From how to get over

Icarus as woman

gather loose ends, tie in a bundle

kindle with rumor, humor them into a fiery hymn

consider flight, then reconsider on account of a broken wing.

push children from swings, memorize effortless delight

shadowbox colors purpling the horizon foolish

go home smelling of night:  all smoke and wonder…

From the same Brooklyn bookstore that I found ford’s, how to get over, I discovered Angel Nafis’s book, BlackGirl Mansion, first printed in 2012 by Red Beard Press.  Ms. Nafis is a New York poet, educated at Hunter College and is a Cave Canem fellow, the recipient of a Millay Colony residency, an Urban Word NYC mentor, and the founder and curator of the Greenlight Bookstore Poetry Salon. In 2011 she represented the LouderArts poetry project at both the Women of the World Poetry Slam and the National Poetry Slam. With poet Morgan Parker, she runs The Other Black Girl Collective, an internationally touring Black Feminist poetry duo. Facilitating writing workshops and reading poems globally, she lives in Brooklyn with artist, writer, and musician Shira Erlichman. In 2016, Nafis was a recipient of the Ruth Lilly and Dorothy Sargent Rosenberg Poetry Fellowship from the Poetry Foundation.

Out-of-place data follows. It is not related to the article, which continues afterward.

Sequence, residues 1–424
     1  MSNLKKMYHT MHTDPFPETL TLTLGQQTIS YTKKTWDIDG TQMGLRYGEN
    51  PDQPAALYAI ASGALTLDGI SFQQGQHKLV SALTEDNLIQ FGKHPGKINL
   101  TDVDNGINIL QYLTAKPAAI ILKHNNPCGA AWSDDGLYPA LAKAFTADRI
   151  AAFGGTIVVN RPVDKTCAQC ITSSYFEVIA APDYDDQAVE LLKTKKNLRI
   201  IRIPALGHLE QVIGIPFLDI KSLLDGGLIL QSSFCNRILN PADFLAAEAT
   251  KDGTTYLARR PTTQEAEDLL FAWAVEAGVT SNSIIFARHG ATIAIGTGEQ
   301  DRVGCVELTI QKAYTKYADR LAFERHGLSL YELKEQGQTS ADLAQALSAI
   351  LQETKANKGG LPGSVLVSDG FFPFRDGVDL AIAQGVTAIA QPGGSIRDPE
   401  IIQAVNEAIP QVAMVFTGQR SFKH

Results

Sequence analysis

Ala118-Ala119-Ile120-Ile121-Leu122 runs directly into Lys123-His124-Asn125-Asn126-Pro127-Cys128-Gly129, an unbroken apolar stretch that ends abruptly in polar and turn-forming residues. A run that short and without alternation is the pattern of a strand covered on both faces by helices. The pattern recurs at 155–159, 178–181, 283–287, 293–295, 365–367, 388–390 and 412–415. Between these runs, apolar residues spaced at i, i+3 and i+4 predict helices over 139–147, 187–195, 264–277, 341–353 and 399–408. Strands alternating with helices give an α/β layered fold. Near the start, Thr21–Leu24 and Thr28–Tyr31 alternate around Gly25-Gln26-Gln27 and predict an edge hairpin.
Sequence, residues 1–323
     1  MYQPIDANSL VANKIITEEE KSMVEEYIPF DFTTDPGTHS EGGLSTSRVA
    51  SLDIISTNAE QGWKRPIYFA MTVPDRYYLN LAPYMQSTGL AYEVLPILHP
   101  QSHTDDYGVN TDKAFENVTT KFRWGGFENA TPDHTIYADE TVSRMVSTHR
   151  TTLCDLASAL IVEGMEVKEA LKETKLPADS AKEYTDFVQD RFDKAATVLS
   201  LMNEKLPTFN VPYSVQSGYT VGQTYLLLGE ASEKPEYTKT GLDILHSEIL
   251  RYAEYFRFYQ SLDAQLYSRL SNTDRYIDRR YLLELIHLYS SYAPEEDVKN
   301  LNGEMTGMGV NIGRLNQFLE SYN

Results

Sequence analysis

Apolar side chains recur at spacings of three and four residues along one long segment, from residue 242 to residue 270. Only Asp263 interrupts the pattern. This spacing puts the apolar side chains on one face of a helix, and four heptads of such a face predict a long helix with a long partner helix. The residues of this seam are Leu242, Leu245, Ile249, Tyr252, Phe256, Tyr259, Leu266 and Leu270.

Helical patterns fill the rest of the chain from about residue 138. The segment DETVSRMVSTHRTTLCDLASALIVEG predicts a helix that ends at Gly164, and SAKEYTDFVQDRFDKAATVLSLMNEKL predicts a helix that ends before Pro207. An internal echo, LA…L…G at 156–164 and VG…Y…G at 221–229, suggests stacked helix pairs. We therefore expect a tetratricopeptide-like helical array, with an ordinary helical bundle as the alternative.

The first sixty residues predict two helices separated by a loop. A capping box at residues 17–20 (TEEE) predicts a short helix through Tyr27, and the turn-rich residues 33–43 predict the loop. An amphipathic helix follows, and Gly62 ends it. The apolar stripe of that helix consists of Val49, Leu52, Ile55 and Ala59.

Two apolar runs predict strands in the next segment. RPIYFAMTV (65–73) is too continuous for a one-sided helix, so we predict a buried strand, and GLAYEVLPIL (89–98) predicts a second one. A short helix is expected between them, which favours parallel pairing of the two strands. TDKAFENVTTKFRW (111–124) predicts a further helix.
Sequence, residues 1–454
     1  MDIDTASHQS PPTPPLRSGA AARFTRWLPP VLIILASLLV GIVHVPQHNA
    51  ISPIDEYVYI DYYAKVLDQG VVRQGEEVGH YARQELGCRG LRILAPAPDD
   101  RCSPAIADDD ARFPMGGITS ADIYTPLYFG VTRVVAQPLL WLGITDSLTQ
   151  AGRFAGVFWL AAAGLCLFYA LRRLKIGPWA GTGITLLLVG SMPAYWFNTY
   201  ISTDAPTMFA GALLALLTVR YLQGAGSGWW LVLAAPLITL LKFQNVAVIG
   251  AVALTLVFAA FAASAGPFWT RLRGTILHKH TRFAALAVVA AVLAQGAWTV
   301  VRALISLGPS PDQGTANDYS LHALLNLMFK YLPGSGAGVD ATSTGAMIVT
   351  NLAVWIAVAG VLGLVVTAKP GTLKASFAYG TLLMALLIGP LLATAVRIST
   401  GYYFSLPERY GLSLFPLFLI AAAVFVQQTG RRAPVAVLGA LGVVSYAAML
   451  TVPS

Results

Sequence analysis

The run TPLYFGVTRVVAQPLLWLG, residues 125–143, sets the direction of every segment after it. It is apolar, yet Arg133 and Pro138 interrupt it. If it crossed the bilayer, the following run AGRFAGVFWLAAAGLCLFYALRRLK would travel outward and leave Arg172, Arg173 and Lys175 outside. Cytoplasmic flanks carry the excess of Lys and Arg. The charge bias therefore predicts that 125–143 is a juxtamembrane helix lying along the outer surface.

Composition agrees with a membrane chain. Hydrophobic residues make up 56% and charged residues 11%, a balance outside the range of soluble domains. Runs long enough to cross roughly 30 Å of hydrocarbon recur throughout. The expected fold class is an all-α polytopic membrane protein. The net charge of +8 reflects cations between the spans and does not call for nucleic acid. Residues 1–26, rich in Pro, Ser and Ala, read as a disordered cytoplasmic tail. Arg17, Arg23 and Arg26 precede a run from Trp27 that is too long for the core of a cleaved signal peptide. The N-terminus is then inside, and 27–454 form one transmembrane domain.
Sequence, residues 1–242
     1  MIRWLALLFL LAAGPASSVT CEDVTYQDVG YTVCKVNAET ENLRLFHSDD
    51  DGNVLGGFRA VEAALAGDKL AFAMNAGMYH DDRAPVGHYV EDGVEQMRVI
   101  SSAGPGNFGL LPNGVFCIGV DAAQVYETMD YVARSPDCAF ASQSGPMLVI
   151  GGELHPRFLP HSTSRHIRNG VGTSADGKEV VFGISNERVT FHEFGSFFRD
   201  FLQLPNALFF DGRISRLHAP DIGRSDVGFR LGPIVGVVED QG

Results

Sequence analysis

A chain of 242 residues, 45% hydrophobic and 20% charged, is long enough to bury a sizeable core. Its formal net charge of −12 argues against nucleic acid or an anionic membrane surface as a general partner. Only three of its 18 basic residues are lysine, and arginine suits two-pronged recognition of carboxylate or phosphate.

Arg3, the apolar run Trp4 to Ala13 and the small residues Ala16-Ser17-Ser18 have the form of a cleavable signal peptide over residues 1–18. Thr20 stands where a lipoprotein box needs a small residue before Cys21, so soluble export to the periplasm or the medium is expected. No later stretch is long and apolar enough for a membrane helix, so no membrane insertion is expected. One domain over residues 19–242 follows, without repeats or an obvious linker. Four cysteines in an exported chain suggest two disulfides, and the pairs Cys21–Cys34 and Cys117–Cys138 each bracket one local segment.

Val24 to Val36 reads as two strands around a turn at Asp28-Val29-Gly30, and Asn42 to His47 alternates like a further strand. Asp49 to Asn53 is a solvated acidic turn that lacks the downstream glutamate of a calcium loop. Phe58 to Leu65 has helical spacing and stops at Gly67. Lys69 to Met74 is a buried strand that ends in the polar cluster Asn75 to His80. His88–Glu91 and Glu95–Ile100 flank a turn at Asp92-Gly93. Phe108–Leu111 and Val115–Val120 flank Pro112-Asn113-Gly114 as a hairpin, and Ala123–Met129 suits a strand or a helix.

There are many aspects to Nafis’s work that are likable and devastating.  She’s fearless and uninhibited in her willingness to not remain bound by preconceived structures of conventional poetry.  Great poets often address large issues through personal observations and private narratives.  Here a section from a poem that is almost danceable in its cadence, Be Blk!  for/ after Avery R. Young:

Be Crucifixion Blk!

Be everything remind me of my daddy Blk!

Fried, dyed, and laid to the side, Blk!

Everybody’s Goddaughter Blk!